Wading through my engineering subjects at college, the largest book that I handled was A Textbook Of Electrical Technology by Mr. B. L. Thareja. First published in 1959, it was so heavy that it never left my desk. In 1980s there was no Kindle. What stayed with me was a discussion on series and parallel electrical circuits. In series circuits, all segments had the same current, but their voltage was different. In parallel circuits, all segments had the same voltage, but their current was different. Current is the effect and voltage, the cause. Series circuits conserve effect, parallel circuits conserve cause. I remain intrigued by the idea that systems can be designed to conserve the output (series) or conserve the context of those it is designed to serve (parallel).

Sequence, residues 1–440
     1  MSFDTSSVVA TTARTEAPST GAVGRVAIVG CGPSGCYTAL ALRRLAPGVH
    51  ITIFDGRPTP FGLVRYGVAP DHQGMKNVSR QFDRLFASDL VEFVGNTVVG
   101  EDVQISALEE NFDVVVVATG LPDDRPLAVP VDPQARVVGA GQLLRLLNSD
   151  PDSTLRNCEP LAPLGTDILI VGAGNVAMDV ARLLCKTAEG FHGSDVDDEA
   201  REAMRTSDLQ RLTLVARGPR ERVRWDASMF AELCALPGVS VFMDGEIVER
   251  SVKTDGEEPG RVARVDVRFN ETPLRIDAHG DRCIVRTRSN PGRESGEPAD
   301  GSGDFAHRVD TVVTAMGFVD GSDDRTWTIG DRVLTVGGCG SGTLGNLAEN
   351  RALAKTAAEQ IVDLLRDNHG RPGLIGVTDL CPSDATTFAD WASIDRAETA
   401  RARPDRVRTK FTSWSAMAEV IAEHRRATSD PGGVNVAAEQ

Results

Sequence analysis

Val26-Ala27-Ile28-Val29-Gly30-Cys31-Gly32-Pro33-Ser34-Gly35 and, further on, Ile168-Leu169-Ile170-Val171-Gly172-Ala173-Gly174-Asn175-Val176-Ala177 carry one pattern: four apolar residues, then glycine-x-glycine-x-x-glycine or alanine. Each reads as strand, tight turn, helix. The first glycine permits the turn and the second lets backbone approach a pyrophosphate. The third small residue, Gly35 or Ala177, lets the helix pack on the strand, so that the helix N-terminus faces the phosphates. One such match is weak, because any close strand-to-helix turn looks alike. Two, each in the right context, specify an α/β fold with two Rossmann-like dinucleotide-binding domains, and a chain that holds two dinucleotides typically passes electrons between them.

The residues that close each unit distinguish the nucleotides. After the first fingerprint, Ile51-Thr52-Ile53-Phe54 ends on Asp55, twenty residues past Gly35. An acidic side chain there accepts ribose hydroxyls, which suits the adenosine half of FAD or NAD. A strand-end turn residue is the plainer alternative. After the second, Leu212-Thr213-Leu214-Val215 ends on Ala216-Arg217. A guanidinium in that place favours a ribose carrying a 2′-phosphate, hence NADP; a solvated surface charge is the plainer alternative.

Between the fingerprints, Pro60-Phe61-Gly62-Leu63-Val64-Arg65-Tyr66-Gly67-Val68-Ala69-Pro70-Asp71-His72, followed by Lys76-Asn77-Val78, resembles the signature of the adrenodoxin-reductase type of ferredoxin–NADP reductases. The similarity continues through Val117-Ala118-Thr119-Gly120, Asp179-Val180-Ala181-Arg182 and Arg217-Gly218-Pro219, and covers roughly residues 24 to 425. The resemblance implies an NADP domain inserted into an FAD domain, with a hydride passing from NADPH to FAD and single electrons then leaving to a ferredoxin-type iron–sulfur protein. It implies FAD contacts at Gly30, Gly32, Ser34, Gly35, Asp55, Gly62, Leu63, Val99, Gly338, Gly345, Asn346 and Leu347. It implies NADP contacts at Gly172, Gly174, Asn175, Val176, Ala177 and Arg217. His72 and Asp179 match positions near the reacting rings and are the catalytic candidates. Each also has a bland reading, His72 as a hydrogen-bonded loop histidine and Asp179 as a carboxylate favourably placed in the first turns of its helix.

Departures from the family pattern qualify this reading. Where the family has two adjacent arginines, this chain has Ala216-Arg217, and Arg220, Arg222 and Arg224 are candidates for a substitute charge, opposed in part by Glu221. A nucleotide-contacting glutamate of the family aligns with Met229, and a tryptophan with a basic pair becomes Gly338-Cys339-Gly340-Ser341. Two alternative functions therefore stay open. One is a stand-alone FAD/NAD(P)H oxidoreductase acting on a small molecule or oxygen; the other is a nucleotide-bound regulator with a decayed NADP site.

Is my society an ecosystem in series or parallel? If it were in series, will everyone achieve the same output? If it were in parallel, would everyone receive the same opportunity? The equality or equity debate. When I attend presentations by social entrepreneurs, I am haunted by similar questions. Is this a change program in series or in parallel? Is it designed to conserve processes or to retain context? Will this program conserve efficiency or embrace diversity? After three decades, I have no recollection of lessons in electrical engineering. However, Mr. Thareja implanted the series-parallel lens. He makes me think about what is being conserved, and why. Or why not?